Perfectionists Beware!

Identifying the wrong ones out of the right is not a simple task, but, an even more interesting question is:

Who would be the right person? Is there, somewhere on the world, this ideal person that you have in your head, this soulmate, this person who makes all your wishes come true, the person who you've been waiting for? Yes, you only live once, but would this mean, in order to get it just the way you want it, would you wait? Would you even wait until the end? How much could you wait?

Especially for us girls, it's easy to 'save yourself' or wait for 'this special one', but, does this person even exist? Is it realistic? And what is realistic to expect? Aren't you giving yourself restrictions in what you want because you want to 'keep it real'? Is it worth it to even wait for this person? Or does your expectation go down the longer you wait, and you think you might have found him because you've waited enough?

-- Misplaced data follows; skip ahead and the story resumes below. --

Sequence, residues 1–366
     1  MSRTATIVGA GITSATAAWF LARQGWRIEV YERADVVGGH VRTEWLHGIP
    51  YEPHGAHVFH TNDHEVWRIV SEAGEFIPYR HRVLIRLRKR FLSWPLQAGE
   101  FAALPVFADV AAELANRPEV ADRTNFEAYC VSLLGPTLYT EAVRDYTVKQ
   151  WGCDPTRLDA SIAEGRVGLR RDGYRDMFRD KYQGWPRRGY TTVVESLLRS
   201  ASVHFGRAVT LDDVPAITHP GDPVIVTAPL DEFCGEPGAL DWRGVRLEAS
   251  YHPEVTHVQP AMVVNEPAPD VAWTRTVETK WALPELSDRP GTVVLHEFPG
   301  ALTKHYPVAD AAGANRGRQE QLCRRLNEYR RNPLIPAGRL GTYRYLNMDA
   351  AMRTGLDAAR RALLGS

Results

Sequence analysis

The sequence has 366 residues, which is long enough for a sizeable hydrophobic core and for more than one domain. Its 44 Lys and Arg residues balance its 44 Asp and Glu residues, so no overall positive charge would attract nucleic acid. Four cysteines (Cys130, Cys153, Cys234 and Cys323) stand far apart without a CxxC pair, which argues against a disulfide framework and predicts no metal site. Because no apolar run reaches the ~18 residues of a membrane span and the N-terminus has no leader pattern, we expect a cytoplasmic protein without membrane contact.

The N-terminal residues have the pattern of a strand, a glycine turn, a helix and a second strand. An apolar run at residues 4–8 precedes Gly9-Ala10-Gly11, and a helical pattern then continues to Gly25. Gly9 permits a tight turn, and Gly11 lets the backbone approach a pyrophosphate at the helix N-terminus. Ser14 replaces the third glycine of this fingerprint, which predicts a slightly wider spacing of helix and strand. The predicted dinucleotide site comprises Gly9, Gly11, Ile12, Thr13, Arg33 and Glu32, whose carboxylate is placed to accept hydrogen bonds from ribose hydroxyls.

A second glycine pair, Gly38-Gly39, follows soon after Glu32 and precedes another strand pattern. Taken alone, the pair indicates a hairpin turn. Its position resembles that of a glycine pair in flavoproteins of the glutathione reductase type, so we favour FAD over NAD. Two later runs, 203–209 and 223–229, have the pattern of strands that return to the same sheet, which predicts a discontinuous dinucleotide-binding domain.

Is it your lack of patience/motivation to find that one special person, the fact that you don't know he exists, or maybe, your taste that changes gradually over time? Does your taste change according to what you get, see, go through? Could anything that isn't a real physical experience (let's say, books) change your taste? If it would, could your taste be non-existant? Is your taste about them, or about you? Does your taste -need- to define -you-?

There are a hell of a lot a**holes out there, and it's not worth your time or energy to engage in any kind of connection with them, but, how would you -find-, -identify- that ultimate person you've been waiting for?  (Do you believe in love at first sight? Spider-sense is tingling?)



Additional info: I know a few women who had high expectancies, but eventually went for the 'best friend'. Ofcourse this is a good choice, but I am still wondering, were they, eventually, lonely? Desperate? Or was there a moment of eureka? Had the best friend changed into the one, literally, or just according to them? (so did their taste change). Did they simply give up on their perfectionism (gave up ideal? CAN you give up taste, and have a great relationship on the long-term?)

XVII XVII
18-21, F
5 Responses Mar 9, 2010